• Complementary Colours. These are colours on opposite sides of a colour wheel. There are two variations of colour wheel. The most useful is the one shown here where the circumference is divided into equal segments but this does mean that the primary colours are not on opposite sides of the circle; green and blue are almost next to one another because there are far fewer combinations of blue and green than of red with the other two. Complementary colours produce the greatest intensity differences when side by side. In the colour wheel variation where primary colours are placed opposite each other green and blue and their combinations must occupy larger segments, since there are fewer of them. This may lead to the assumption that they are more important than other hues.   The first type of wheel is illustrated here.


 Colour Wheel (From The Oxford Companion to Art)

Perception. Perception of colour is a human response and a variety of psychological terms has come into use to describe colour. We must keep in mind that any of these derivative terms is simply a combination of the three roots; hue, saturation and brightness. 
Psychological descriptions are often very helpful when describing colour. Here are some terms and phrases you will find in art literature:
  • Warm and Cool Colours. Warm colours involve red and yellow combinations and lie in the orange part of the colour wheel. Warm obviously refers to the relation of these colours to sunlight and the light and warmth from fire. Cold colours lie in the blue section of the wheel moving towards green. Clearly colour warmth is related only to hue.


Warm and Cool Colours

Advancing and receding colour. Warm colours seem to come forward in a picture whereas cooler colours in the same plane appear to sink back into the picture plane. This is a device much employed by landscape painters who will show a range of hills or mountains in receding colours to convince us that we are looking into the picture and that it has depth.


Advancing and Receding Colour (from the Oxford Companion to Art)

  • Weight. Dark colours appear heavy, both physically and emotionally. Light colours suggest weightlessness or lighter emotions.
  • Size. Lighter coloured objects can appear larger, and therefore closer, than darker-coloured objects of the same size. Still life pictures may exploit this.

Spanish, 1746-1828
Dona Antonia Zarate, 1805-6
Oil on canvas, 104 x 82 cm
National Gallery of ireland, Dublin

Goya has used few colours in this picture and featured black.  The expanse of black encourages us to see the subject as a person of substance whilst the lighter flesh tones bring the features out of the picture and illustrate the likeness perfectly.  Having the folded arms in front of the black garment creates the illususion of bodily form in the figure.  The facial expression is sombre- reinforced by the black- and perhaps the woman has had bad news or is in mourning. Note how the cleverly placed fan coming out of the picture further reinforces the paintings depth and balances the darker mass of the shoulders above.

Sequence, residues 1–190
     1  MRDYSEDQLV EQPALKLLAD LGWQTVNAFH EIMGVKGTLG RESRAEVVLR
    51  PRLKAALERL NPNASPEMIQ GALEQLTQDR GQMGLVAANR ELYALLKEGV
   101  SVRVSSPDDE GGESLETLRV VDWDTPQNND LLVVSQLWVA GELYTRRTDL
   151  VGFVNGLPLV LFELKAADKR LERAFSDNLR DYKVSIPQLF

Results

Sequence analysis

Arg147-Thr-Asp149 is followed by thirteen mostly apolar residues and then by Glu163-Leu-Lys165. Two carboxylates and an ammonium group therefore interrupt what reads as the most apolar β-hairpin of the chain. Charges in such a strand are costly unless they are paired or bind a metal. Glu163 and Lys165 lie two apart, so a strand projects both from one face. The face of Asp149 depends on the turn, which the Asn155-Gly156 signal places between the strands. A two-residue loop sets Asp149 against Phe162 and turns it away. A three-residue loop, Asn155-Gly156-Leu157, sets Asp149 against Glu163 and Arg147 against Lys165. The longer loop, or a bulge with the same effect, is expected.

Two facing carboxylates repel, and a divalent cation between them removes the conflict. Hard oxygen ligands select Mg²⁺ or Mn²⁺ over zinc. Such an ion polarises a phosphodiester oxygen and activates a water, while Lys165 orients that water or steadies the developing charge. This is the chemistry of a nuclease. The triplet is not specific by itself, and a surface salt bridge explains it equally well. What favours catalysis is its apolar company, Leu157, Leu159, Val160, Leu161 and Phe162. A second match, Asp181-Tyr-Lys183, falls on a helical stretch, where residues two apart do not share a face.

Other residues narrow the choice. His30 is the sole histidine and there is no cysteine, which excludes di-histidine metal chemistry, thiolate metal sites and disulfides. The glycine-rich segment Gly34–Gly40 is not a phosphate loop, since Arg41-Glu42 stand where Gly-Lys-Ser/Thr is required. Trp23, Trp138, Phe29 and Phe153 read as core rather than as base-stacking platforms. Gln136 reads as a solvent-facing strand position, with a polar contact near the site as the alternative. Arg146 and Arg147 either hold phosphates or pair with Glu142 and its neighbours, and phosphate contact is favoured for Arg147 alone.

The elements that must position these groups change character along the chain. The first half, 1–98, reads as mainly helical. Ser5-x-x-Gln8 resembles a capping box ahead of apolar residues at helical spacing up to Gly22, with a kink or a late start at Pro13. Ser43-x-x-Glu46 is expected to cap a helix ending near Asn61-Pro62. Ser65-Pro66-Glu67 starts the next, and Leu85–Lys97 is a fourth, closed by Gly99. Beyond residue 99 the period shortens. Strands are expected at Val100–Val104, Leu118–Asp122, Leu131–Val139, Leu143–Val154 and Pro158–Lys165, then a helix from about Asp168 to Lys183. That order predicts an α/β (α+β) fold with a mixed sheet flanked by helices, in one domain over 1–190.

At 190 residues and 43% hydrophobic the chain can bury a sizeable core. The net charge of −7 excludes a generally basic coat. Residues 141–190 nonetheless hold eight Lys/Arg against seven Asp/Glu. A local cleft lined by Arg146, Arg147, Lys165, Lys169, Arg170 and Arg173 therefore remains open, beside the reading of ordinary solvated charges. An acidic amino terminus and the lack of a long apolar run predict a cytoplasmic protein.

Up until early in the 20th century colour was used simply to indicate what objects were being viewed, daffodils were painted yellow because that is the natural colour of daffodils and is immediately recognisable. Modern art changed all that. The advent of the Fauve movement in particular started a focus on colour as indicator of emotion and personality and colour-field painting later in the century focussed almost entirely on the properties of colour as the reason for the painting’s existence. 
The focus of this essay is on colour but it is worthwhile noting that in the creation of an art work colour is just one of the tools available. Design or composition drives the overall plan.
I said earlier that we see objects by reflected light. We need to take this idea a little further to explain colour vision and understand some of the techniques used by modern and contemporary painters.
White light (from the sun or a light source) is made up of all colours of light mixed. Rainbows split white light into its colours and in the rainbow we see constituents of the white light. If any of these colours is selectively absorbed then the remaining colours will make up the final colour we see reflected. Thus an object which appears red will have absorbed all colours from the spectrum except the reds and we see it as red because the light coming to us from the object is red light. This is a subtractive process.
Artists mix pigments. Clearly, the more pigments in the mixture the more colours of light will be absorbed. This is why if you mix play dough or plasticine of varying colours the result is grey. Grey is the absence of most colours rather than a colour in its own right- grey results from the absorption of colours. Pure, dark, velvety, black results from the absorption of all colour and therefore of all light; no colours are reflected from a black surface and we only see it because of its surroundings, for instance a frame, and because it blocks our view of something our brain has told us is behind it. Care is needed when mixing pigments to see that the final result is not too restrictive. 

Ad Reinhart
American, 1913- 1967
Abstract painting, 1963
Oil on canvas, 152 x 152 cm